Case 14 Index
Vital Signs: Temperature 98°F, Blood Pressure 115/62 mmHg, Heart Rate 75 beats/min, Respiratory Rate 16 breaths/min
General Appearance: Chronically ill-appearing, cachectic man
HEENT: Normal conjunctiva, no scleral icterus, clear oropharynx
Lymph: No lymphadenopathy
Cardiovascular: No JVD, regular rhythm, no pericardial rub
Pulmonary: Breath sounds normal bilaterally, no rales/rhonchi/wheezes
Abdominal: soft, non-tender, non-distended
Extremities: warm and well perfused, 1+ peripheral edema of lower extremities
Neurologic: Sleepy but arousable, answers very few questions with one word answers, no focal deficits, asterixis
Skin: Warm, dry, no rash
The patient’s daughter looks concerned and tells you, “The doctor in the hospital told me he may need to start dialysis. Is that true?”
How do you respond?
Well, it definitely seems as though his kidneys are failing and dialysis may be clinically indicated in another patient with the same signs and symptoms, but your father is quite frail. Are you sure this is what he wants?
While your clinical assessment of this patient may be correct and it will be essential to discuss the patient’s goals, this would not be the best way to approach this question. Try again, and let’s see if we can’t find a better way to get the discussion started!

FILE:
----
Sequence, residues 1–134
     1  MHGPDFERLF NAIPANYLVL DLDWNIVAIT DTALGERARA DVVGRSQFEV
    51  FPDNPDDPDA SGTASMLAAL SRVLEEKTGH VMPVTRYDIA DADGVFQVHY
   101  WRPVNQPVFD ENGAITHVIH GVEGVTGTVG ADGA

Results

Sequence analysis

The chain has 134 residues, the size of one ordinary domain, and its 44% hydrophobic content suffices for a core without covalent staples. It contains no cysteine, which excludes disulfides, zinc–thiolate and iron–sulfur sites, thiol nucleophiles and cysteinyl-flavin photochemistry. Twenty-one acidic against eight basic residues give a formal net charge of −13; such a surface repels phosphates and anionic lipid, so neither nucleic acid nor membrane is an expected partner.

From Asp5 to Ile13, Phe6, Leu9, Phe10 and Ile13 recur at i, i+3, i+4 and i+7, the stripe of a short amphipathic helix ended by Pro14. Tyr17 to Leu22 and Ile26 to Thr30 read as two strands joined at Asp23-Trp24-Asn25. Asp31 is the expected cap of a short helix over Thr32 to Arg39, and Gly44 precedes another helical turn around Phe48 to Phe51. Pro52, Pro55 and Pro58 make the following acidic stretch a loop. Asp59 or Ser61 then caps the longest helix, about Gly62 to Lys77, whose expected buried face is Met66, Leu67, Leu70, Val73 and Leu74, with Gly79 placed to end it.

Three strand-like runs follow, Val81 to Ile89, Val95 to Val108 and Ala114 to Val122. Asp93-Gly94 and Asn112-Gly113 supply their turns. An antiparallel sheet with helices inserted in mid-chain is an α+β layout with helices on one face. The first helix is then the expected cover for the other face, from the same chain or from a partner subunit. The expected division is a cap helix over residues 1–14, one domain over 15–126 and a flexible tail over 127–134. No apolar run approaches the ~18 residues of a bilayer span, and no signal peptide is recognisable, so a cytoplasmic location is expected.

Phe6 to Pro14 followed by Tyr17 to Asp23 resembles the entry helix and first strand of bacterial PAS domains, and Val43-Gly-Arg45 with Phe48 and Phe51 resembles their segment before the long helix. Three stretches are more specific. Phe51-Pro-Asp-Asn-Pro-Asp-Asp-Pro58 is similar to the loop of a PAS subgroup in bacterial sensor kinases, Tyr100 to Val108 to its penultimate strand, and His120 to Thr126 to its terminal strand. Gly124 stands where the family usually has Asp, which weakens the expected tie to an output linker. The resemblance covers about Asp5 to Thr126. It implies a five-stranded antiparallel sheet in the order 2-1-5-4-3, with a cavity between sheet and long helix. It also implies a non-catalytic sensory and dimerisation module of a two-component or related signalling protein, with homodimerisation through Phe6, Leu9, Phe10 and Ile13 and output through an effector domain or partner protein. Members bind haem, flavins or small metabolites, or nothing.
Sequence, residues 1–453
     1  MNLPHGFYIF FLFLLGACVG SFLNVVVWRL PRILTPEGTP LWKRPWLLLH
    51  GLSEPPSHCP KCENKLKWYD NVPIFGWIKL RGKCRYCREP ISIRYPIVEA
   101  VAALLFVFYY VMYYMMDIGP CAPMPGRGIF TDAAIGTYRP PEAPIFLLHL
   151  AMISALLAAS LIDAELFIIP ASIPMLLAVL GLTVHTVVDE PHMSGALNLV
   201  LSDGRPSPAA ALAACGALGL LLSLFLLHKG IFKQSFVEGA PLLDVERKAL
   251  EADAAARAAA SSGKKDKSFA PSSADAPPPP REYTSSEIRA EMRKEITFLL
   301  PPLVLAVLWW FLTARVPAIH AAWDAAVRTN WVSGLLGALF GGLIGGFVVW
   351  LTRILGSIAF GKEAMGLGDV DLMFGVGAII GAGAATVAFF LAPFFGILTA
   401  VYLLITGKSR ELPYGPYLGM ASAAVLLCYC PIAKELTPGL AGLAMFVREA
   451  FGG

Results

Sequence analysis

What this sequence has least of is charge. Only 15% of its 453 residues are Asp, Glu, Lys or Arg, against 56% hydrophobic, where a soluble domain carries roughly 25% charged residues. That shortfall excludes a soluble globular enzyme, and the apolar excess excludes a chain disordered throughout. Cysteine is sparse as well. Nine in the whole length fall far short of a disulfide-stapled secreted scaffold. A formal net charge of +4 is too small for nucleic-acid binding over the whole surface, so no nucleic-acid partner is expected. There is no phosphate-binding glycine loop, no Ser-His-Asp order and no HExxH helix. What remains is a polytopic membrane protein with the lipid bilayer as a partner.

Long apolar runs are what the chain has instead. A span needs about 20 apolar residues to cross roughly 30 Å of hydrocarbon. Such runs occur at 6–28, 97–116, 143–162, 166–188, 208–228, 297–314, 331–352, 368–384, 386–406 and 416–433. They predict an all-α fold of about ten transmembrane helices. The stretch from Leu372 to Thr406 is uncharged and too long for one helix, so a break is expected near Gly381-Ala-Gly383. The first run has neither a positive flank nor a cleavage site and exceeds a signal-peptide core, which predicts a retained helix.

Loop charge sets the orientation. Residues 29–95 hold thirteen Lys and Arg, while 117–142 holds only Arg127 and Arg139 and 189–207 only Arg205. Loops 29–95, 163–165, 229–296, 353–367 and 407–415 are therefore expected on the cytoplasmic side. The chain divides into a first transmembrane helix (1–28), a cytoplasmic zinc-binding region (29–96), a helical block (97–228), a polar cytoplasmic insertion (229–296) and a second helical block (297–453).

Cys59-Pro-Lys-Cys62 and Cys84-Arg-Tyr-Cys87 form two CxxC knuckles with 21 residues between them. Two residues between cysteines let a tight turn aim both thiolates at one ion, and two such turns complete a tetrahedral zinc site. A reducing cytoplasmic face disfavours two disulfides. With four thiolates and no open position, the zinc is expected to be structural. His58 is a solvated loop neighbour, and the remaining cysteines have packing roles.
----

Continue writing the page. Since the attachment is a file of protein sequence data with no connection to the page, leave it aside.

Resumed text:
I want to make sure I address all of your questions. Let’s take a step back for a moment. Would you mind sharing with me a bit more of what the doctors have told you in the past?
Nice work! It is crucial to let patients and their families know their concerns will be addressed. The question about starting dialysis is a very important one, but it is best to assess their understanding of the situation to find a good starting point.
Based on his symptoms and recent laboratory studies, it does seem like it is time to start dialysis. Can I tell you a bit more about how we’ll get started?
While your clinical assessment might be correct, take a step back and figure out where your patient and their family are at in this process. It is certainly a good strategy to ask permission to give more information about dialysis, but let’s try to assess their understanding first. Try again!
I appreciate your concern, but we really shouldn’t worry about dialysis until I’ve checked labs here and done a full assessment.
While you are right to put off any decision about dialysis until you get to know this patient more, this might not be the best approach. Telling someone not to worry may provide false reassurance or invalidate their concerns. Give it another try!
Click here to keep the discussion going!
Case 14 Index
Case 14 Introduction